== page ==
If you disobey the standard Subject-Auxillary-Verb-Object order of sentences, it draws a lot of attention to items not fitting the pattern.
Making writing exciting or dramatic is all about artfully manipulating the readers attention and making what's important to the story's events or pace stick in the reader's mind.
Combine this with the fact that English at one time was a fully inflected language with flexible word order. So it's no surprise that being flexible with the word order can lend a "medieval times" or Shakespeare-ish flair to writing if done right. You have to be a good writer to pull this off.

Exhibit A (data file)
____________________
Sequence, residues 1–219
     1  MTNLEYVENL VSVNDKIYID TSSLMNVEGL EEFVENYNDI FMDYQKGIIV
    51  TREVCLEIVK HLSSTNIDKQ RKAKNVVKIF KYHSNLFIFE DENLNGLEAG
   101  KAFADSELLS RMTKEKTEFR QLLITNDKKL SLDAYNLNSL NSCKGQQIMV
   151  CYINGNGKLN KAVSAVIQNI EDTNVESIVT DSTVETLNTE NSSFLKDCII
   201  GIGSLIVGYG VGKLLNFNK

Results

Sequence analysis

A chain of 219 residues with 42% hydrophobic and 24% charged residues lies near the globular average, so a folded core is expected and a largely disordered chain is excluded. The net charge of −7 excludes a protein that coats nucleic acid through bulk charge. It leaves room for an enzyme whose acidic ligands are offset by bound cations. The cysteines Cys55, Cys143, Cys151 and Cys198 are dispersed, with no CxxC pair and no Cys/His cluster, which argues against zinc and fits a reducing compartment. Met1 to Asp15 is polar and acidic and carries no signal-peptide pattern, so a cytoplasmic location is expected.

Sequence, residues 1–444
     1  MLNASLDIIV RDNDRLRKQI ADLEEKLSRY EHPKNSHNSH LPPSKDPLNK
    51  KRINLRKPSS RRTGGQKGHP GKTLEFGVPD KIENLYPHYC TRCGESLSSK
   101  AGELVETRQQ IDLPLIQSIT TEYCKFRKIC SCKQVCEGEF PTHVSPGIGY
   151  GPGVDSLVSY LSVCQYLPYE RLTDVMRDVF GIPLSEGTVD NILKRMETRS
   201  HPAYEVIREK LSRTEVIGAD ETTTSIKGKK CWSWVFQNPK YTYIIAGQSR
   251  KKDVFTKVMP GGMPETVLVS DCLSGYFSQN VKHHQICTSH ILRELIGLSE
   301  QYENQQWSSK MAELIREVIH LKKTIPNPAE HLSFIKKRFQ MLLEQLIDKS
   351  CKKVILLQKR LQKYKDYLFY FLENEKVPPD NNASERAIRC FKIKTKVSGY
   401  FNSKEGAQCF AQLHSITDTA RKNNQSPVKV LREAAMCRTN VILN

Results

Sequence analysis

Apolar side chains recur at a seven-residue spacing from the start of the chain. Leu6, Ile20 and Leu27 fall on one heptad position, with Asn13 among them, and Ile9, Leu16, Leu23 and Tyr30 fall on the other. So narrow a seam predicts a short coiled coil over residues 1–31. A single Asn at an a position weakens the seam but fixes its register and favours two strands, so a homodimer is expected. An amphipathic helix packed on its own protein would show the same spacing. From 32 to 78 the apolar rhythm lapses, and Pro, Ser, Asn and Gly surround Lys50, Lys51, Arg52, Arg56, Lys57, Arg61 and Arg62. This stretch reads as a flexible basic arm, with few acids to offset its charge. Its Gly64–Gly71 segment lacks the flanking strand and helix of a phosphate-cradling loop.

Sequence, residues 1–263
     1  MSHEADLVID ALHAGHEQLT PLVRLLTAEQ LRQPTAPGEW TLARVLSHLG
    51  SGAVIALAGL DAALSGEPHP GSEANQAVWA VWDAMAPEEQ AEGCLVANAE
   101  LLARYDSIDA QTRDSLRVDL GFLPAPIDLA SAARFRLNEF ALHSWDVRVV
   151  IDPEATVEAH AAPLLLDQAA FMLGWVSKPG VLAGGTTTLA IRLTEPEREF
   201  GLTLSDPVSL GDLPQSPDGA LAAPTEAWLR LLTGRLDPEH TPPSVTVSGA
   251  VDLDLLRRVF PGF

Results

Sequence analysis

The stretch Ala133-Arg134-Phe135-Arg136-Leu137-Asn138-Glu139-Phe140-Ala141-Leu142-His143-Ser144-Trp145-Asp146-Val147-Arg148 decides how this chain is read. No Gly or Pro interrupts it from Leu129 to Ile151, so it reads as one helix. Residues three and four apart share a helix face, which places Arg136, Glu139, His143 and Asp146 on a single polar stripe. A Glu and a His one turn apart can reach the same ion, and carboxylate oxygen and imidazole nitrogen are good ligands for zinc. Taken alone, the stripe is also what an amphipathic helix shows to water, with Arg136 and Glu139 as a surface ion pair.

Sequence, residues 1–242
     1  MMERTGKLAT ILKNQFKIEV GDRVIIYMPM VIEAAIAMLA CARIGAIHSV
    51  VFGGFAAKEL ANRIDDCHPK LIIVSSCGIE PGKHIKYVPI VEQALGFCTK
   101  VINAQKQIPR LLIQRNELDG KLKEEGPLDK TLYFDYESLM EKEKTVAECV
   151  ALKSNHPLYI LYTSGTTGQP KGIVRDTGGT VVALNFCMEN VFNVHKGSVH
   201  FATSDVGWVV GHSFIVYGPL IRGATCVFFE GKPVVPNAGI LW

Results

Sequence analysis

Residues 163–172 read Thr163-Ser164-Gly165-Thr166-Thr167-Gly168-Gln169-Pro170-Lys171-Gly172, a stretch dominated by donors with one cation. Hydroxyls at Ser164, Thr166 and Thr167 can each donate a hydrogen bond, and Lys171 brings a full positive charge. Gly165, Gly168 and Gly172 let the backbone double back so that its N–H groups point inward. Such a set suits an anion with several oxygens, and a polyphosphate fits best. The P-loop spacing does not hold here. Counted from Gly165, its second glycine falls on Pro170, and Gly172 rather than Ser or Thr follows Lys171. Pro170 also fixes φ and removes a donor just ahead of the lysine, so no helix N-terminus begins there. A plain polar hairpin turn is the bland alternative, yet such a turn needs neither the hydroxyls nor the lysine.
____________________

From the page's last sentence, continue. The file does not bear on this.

So you can see for the reasons abobe why this is a tactic used by writers to make their narratives more interesting.
In particular, for verbs of motion, beginning the sentence with the preposition indicating direction of movement draws a lot of attention and emphasis to that motion. Sort of like camera shots that move quickly tend to engage movie viewers more strongly.